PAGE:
Tuesday, July 31, 2012

Beauty of Brevity

I am back from vacation (we have a cabin in the Methow Valley—a beautiful spot).

For some reason, I have been thinking of Hemingway today and how brevity can carry a certain beauty that long winded prose cannot.

I wish that publishers had the luxury of doing more short stories, but we really don’t for economic reasons.  If readers were willing to buy more of them, realizing that a well crafted short story can make you think more than a novel, then publishers would publish more.

Hemingway led me to the apocryphal story that he once won a bet writing a short story in six words: “For Sale: Baby Shoes. Never Used.”

He probably didn’t, but I like to think he did. It was probably written by deGroot for his play “Papa,” which was about Hemingway in Cuba.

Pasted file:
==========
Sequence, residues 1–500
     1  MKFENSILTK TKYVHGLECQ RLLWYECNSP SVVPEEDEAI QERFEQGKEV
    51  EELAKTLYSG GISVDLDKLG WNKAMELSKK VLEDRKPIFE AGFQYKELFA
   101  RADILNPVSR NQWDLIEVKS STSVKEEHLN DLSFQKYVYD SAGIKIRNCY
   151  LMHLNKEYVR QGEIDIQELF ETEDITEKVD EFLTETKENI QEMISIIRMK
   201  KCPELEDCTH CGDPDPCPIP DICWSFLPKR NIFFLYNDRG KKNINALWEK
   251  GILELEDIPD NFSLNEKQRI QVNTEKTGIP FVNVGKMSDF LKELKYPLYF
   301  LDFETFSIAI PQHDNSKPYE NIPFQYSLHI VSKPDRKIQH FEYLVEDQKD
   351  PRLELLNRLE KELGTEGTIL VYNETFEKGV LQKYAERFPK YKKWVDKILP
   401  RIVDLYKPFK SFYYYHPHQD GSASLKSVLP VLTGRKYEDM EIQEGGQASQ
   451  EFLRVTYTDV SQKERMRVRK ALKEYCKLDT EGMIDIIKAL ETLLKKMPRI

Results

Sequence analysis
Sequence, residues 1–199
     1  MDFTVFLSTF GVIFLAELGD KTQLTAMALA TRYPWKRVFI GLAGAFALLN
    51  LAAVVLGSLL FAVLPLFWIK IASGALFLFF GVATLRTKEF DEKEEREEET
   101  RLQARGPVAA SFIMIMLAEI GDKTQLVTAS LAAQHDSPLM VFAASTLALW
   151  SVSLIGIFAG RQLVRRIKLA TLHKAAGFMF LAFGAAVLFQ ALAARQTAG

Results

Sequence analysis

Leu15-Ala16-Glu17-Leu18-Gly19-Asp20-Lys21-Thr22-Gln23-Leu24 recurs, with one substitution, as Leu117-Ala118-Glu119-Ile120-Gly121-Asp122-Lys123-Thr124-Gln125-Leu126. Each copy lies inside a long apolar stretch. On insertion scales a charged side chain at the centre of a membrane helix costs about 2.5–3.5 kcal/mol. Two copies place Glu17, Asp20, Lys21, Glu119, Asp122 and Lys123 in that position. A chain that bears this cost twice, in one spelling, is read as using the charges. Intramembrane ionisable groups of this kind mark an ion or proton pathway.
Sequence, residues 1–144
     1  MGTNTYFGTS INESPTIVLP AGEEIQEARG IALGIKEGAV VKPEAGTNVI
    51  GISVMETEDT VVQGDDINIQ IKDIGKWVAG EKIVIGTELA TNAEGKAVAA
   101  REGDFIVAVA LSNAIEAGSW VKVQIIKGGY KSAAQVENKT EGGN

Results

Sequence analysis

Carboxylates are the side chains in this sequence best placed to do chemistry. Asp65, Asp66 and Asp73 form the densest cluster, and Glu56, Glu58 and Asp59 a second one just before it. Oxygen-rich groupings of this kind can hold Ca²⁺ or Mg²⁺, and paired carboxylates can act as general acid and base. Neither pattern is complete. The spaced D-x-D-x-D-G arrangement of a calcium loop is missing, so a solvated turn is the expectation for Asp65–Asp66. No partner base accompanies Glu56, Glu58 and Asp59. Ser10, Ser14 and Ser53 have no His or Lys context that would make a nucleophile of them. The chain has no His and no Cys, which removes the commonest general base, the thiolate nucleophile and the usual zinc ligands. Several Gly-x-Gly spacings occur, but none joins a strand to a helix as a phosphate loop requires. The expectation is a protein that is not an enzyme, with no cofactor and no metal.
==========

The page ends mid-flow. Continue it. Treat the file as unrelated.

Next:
Wired had a contest, some years ago for other authors to write a six word story. My favorite is Margaret Atwood’s: “Long for him. Got him. Shit.”

Still, the Hemingway story wins by managing to have such imagining of what the story was. It poses the question that the reader wants to know the details. It feels sad.

Can you imagine a book of short stories like that? One story per page?

Now imagine the outrage of the buying public, even for 99 cents on an eBook. Just like our food servings, we want LARGE. Supersize it! Give me a fantasy book that is 400,000 words!

For 99 cents!





No. I prefer well crafted to volume. Sure we all love to stuff ourselves sometimes, but lets sometimes consume a little bit less of something that is special.


- Harry Harrison

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